The Power of Re-Reading

As the end of the school year approaches, I typically look forward to having more free time, and, after two busy semesters, look forward to reading things of my own choosing. While I enjoy reading student papers and perusing research materials, there is something refreshing about reading things I choose to read. I may pick up a new book, but I often find myself turning to something I have read before, an old favorite text I want to read yet again. I do this, I think, because of the comfort of reading something I have read and enjoyed before, such as classic mysteries by Arthur Conan Doyle, John Mortimer, or Agatha Christie, or popular works like the Harry Potter books. I know how they turn out, and somehow knowing they will resolve most of their plot threads and not leave me hanging (and thinking) satisfies me, perhaps because so much of life doesn’t lend itself to such immediate or neat resolution. The experience of re-reading these texts brings me a sense of pleasure and fulfillment so central to pleasure reading.

But there are many other texts I find myself rereading on a regular basis because I teach them each year. The texts are familiar, but the experience of working my way through them changes as new groups of students read them and discover and then share in class the insights they have uncovered. While some observations come up time and again, each year new ideas enter into the conversations of learning we have, and each class responds with fresh energy and newfound enthusiasm for texts that are new to them, though familiar to me. I find myself energized by the ideas they broach and the epiphanies they experience. From time to time I have moments of discovery myself as I happen upon a previously unnoticed truth or insight. Then the reading (and teaching) experience becomes transformative for me as well as the students.

One text I teach in my modern Chinese literature in Chinese course each fall is a short story by Lu Xun (1881-1936), the pioneer writer of modern vernacular fiction. Entitled “Kong Yiji,” the story focuses on the life of a traditional intellectual, the eponymous Kong, as in Kong Fuzi or Confucius, who struggled to survive in an era of modernization and change in China. Kong failed to pass any of the civil service examinations, and thus failed to qualify for even the lowest government post or a private teaching position. A good calligrapher, Kong is reduced to work copying books and documents for wealthy gentry families. Unfortunately Kong is lazy, fails to complete his work assignments, and has a penchant for wandering off with the books, brushes, ink, and paper that his employers have provided to him to complete his various jobs. When found, Kong is often beaten, and as the story closes, after a particularly severe thrashing, we find him unable to use his legs and forced to scoot along the ground on a reed matt.

I first read Lu Xun’s story in a second-year Chinese language class at the University of California at Berkeley. A newly-returned missionary fleeing a failed freshman year as a chemistry major, I enrolled in the class when I took refuge in Berkeley’s temporary home for the undecided student, the “undeclared” major. Not knowing what I wanted to study, much less do for the rest of my life, I knew I wanted to retain, but also to develop my Chinese language skills, and I opted to enroll in a class that would help me build on my then-meager reading and writing ability in Chinese. As the school year ended, our teacher informed us that we would have a chance to read some original works of modern Chinese literature including a short story, Lu Xun’s “Kong Yiji.” I remember how exciting it was to read something real—not a simplified, adapted, or specially-written text for a second language learner of Chinese, but something written by and for Chinese people. In fairness the task was not easy, and I’m not sure how much I really understood after that first reading, but I remember how linguistically “grown up” I felt as I worked through the text. I recall how satisfying it was to realize I could read well enough to make some sense of the story, and to feel that, perhaps I might actually one day learn to read Chinese. The following year in advanced Chinese, our professors used compiled readers filled with modern and contemporary fiction, poetry, essays, and newspaper articles. In those days there were few if any Chinese textbooks at the advanced level, so most classes used readers compiled by course instructors. Since my professors, Cyril Birch and H. Samuel Cheung taught literature, they opted to choose literary texts for course materials. So as I continued my Chinese studies, I came into contact with masterpieces of Chinese literature that would shape not only the course of study I would pursue, but my career as well.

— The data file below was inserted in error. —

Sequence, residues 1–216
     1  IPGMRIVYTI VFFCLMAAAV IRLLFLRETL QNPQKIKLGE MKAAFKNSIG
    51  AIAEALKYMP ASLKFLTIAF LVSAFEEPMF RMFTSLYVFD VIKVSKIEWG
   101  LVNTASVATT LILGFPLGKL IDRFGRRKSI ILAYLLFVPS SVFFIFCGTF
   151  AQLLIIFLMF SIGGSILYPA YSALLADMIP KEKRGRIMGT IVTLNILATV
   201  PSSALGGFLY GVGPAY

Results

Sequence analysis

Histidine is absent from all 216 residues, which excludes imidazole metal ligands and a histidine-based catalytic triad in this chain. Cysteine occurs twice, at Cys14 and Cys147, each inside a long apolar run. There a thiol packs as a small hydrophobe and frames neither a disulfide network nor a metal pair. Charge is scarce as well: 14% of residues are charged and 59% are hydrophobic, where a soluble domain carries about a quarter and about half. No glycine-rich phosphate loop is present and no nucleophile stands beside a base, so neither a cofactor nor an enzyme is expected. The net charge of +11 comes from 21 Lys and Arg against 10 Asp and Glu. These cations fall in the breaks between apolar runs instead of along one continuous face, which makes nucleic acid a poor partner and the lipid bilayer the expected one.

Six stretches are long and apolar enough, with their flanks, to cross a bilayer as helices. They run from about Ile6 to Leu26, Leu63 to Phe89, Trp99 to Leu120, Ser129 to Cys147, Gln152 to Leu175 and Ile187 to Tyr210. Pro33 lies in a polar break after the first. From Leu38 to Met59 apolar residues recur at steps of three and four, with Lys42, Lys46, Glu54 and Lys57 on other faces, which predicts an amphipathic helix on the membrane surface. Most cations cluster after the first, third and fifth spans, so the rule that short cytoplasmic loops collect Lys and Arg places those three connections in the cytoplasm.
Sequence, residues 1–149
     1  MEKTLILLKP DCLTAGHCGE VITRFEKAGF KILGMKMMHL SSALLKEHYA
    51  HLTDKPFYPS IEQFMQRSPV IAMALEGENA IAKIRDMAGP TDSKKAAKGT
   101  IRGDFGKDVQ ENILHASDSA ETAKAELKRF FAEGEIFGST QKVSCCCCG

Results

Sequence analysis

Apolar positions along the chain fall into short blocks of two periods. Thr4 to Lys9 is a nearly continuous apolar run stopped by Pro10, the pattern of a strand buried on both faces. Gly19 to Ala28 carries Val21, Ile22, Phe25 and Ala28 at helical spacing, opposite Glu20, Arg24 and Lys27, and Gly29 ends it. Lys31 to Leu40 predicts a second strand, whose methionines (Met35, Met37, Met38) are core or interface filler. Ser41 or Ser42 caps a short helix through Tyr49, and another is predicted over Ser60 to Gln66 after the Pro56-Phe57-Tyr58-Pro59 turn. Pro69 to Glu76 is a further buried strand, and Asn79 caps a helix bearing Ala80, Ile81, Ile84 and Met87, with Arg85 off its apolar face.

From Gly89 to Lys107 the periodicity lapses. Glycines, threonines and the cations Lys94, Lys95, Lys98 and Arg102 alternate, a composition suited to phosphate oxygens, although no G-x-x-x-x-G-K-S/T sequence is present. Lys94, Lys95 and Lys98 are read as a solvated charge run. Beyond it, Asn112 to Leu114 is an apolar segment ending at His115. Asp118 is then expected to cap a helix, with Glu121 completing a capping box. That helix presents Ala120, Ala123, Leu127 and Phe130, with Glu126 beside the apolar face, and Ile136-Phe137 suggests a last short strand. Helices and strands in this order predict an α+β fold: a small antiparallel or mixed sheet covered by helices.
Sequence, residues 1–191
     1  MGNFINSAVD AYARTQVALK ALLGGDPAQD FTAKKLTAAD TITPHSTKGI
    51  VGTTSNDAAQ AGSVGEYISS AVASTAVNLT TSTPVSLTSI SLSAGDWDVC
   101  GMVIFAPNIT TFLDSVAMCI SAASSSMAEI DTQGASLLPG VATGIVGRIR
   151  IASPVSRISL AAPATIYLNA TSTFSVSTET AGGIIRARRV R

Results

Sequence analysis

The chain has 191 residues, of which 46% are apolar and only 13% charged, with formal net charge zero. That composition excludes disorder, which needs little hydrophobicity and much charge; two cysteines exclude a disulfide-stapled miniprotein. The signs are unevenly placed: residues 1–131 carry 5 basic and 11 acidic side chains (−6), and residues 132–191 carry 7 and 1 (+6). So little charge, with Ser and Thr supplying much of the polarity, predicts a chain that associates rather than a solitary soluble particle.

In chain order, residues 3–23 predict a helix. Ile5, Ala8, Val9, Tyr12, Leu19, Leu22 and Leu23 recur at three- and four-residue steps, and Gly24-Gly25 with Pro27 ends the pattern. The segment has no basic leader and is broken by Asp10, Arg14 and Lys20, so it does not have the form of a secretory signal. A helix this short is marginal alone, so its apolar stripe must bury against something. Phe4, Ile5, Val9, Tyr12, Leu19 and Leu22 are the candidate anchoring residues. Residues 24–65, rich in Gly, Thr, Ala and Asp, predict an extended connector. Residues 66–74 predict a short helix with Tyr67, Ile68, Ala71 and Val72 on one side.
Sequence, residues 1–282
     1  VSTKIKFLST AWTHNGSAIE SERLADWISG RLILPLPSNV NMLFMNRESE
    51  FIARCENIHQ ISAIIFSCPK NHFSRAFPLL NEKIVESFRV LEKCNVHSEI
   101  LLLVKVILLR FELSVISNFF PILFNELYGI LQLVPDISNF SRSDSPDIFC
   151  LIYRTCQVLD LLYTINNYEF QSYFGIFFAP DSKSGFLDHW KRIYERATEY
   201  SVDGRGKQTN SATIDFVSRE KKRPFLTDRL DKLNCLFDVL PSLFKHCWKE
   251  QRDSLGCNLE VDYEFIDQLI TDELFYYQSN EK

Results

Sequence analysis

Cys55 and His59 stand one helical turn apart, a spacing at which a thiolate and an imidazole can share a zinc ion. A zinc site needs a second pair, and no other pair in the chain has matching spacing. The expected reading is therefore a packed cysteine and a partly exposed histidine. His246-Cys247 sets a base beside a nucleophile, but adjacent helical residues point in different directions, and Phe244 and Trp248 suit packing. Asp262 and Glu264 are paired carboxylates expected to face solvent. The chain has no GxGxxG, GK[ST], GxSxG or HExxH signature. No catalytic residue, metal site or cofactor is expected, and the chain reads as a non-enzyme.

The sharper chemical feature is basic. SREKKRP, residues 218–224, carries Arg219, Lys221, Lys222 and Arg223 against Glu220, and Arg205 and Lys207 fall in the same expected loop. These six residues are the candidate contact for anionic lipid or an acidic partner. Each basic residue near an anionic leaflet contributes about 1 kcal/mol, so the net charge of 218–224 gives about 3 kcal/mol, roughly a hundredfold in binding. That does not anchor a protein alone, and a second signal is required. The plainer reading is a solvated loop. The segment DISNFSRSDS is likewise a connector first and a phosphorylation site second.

As I first read “Kong Yiji,” I sensed the plight of the protagonist, a man who had not excelled in the traditional educational system and fared poorly in a world into which he did not fit, lacking the credentials of a scholar or the strength, stamina, and work ethic of a peasant. A person of only minimal significance, he became the butt of jokes and a source of entertainment and spectacle for his fellow villagers. Only the young narrator, a surrogate for the author himself, seems to show any interest or concern. The author describes with sensitivity and empathy Kong Yiji’s final disabled state, as he crawls around the village no longer able to walk following a final and most severe beating when he is caught stealing from a local gentryman who, unlike Kong, had passed two of the three major civil service examinations and earned a place of respect in his community. As the story concludes, Kong crawls out of the wine shop in which the story is set one last time, never to be seen again. Lu never tells us that Kong has died; instead, he allows the reader to draw her own conclusions. Having taught this work each fall for the past fifteen years, and again in translation during winter semesters from time to time, I now recognize the consummate skill with which Lu has crafted this story in a way that allows us to see Kong’s flaws and recognize how out of place he is in a China on the eve of modernization, yet also to view the protagonist with compassion and a measure of dignity rather than disgust or derision. Kong may be a victim of his own actions, but he is also a victim of circumstances beyond his control. The ability to find compassion for someone even while recognizing their culpability for their actions is a lesson that I have gained from reading and re-reading—with my students—this masterwork of Chinese fiction.